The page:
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Title:Systems biology of lung diseases: a multi-perspective view from host and pathogen
Author(s):Ma, Shuyi
Director of Research:Price, Nathan D.
Doctoral Committee Chair(s):Higdon, Jonathan J.L.
Doctoral Committee Member(s):Price, Nathan D.; Zhao, Huimin; Kong, Hyun Joon; Sherman, David R.
Department / Program:Chemical & Biomolecular Engr
Discipline:Chemical Engineering
Degree Granting Institution:University of Illinois at Urbana-Champaign
Subject(s):systems biology
lung disease
disease classification
constraint-based modeling
Abstract:Lung diseases include some of the most widespread and deadly conditions known to affect people around the world. The challenges of clinically tackling lung diseases arise from multiple factors associated with both diagnosis and treatment strategies. In my thesis work, I addressed the challenges of diagnosis and treatment by leveraging tools in computational systems biology that try to account for the effects of the multitude of molecular components and their interactions that comprise both the human host and microbial pathogens. The biomarker discovery field is replete with molecular signatures that have not translated into the clinic despite ostensibly promising performance in predicting disease phenotypes. One widely cited reason is lack of classification consistency, largely due to failure to maintain performance from study to study. This failure is widely attributed to variability in data collected for the same phenotype among disparate studies, due to technical factors unrelated to phenotypes (e.g., laboratory settings resulting in "batch-effects") and non-phenotype-associated biological variation in the underlying populations. These sources of variability persist in new data collection technologies. In the first part of my thesis work, I quantified the impact of these combined "study-effects" on lung disease signatures’ predictive performance by comparing two types of validation methods: ordinary randomized cross-validation (RCV), which extracts random subsets of samples for testing, and inter-study validation (ISV), which excludes an entire study for testing. Whereas RCV hardwires an assumption of training and testing on identically distributed data, this key property is lost in ISV, yielding systematic decreases in performance estimates relative to RCV. Measuring the RCV-ISV difference as a function of number of studies quantifies influence of study-effects on performance. As a case study, I gathered publicly available gene expression data from 1,470 microarray samples of 6 lung phenotypes from 26 independent experimental studies and 769 RNA-seq samples of 2 lung phenotypes from 4 independent studies. I found that the RCV-ISV performance discrepancy is greater in phenotypes with few studies, and that the ISV performance converges toward RCV performance as data from additional studies are incorporated into classification. In this work, I showed that by examining how fast ISV performance approaches RCV as the number of studies is increased, one can estimate when "sufficient" diversity has been achieved for learning a molecular signature likely to translate without significant loss of accuracy to new clinical settings. In the second part of my thesis, I turned my focus to an important lung pathogen to engage the challenge, ultimately, of therapeutic development. I focused on tuberculosis and its causative pathogen, Mycobacterium tuberculosis (MTB), which causes over a million deaths worldwide each year and has strains resistant to antibiotics. My goal was to better understand the underlying mechanisms associated with MTB response under different genetic and environmental perturbations of metabolism and regulation, which may translate into novel drug targets. As a step toward this goal, I expanded a genome-scale regulatory-metabolic model for MTB using the Probabilistic Regulation of Metabolism (PROM) framework. Our model represents a substantial knowledge base update, incorporating a ChIP-seq based transcription factor binding network containing 2556 interactions linking 104 transcription factors (TFs) to 647 metabolic genes, as well as an expanded metabolic model that can predict growth in a broad range of environmental conditions. My expanded model improves agreement between predicted growth effects of TF knockouts and gene essentiality experiments compared to the original PROM MTB model and can successfully predict growth defects associated with TF overexpression. The simulated growth predictions identify perturbations that lead to condition-specific growth defects, generating experimentally testable hypotheses of mechanisms underlying perturbation-induced phenotypes in MTB.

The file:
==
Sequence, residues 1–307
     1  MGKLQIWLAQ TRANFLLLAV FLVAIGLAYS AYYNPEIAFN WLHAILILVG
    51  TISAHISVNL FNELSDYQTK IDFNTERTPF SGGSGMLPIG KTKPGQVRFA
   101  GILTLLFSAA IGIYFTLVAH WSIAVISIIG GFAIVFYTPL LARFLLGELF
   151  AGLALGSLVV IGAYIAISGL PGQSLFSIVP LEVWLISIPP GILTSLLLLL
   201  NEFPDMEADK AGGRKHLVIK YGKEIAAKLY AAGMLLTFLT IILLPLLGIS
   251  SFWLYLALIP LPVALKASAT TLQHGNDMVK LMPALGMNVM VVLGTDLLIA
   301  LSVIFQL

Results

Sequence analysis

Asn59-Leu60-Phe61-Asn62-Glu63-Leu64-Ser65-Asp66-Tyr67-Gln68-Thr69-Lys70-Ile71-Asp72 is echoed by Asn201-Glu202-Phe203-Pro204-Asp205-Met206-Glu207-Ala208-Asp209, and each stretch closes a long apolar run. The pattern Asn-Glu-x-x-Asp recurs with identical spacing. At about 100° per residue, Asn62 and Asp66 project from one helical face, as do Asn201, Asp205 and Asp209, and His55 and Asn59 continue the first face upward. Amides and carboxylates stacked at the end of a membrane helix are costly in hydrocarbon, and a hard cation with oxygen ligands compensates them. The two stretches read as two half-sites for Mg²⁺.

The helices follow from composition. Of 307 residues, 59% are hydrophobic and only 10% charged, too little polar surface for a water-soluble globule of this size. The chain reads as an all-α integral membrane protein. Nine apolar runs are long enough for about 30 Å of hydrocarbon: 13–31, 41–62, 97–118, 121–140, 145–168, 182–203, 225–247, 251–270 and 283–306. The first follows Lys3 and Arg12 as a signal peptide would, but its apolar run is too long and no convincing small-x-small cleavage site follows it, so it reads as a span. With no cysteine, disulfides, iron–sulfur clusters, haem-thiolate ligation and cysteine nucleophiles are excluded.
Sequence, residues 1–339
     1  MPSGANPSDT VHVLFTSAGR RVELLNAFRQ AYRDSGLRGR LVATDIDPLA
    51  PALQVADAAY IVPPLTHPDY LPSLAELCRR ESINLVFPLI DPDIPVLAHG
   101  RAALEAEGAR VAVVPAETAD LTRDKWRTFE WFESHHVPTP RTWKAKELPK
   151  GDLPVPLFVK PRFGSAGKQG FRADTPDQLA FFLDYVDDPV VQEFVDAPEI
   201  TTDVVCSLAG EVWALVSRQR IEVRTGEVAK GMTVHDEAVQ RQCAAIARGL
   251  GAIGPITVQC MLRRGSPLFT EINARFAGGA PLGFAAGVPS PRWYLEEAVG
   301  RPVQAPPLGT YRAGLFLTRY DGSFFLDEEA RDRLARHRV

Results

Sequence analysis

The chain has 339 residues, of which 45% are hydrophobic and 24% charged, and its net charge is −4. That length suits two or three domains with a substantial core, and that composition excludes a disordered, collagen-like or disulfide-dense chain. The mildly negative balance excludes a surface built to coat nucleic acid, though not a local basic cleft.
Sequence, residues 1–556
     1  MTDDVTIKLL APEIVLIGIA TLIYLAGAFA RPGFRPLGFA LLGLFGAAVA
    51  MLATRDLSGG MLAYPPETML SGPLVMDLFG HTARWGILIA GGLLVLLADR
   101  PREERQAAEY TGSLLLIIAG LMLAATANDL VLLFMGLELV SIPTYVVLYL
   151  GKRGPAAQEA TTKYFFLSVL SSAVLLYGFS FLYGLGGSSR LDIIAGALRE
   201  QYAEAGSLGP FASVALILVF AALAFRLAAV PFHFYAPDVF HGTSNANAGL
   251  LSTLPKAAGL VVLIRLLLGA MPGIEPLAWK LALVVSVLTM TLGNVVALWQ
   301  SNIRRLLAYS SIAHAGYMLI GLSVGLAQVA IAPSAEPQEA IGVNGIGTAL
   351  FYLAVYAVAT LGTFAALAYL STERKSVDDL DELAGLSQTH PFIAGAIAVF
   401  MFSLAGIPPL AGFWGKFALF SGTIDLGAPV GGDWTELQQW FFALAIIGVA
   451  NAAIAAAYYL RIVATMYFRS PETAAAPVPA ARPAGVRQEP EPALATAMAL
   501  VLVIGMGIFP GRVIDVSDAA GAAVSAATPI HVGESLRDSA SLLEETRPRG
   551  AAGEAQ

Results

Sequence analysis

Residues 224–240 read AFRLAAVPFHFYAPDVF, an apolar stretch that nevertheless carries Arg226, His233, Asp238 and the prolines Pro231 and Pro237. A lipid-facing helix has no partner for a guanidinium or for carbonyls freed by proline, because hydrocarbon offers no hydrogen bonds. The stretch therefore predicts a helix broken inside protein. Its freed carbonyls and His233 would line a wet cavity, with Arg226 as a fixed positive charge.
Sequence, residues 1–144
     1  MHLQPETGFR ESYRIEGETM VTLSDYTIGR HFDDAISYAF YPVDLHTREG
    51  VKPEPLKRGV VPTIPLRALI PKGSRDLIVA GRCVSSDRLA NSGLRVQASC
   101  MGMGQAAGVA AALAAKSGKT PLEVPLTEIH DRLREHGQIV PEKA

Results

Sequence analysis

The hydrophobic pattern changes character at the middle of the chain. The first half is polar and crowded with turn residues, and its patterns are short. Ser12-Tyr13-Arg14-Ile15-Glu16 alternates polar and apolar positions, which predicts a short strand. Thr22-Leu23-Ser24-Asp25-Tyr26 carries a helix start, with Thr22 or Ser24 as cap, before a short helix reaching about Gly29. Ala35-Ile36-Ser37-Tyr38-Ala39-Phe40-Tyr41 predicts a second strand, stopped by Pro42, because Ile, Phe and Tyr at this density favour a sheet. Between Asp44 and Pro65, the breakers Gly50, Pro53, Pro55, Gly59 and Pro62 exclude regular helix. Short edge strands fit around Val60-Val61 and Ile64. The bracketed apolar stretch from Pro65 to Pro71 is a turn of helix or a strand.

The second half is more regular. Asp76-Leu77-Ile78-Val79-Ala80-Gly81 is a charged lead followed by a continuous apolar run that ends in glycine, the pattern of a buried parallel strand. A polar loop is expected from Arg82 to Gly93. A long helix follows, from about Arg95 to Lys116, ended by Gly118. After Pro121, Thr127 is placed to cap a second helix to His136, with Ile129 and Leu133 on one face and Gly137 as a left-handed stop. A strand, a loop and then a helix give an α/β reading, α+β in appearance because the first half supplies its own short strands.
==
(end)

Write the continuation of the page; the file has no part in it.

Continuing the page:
Issue Date:2015-01-21
Rights Information:Copyright 2014 Shuyi Ma
Date Available in IDEALS:2015-01-21
Date Deposited:2014-12

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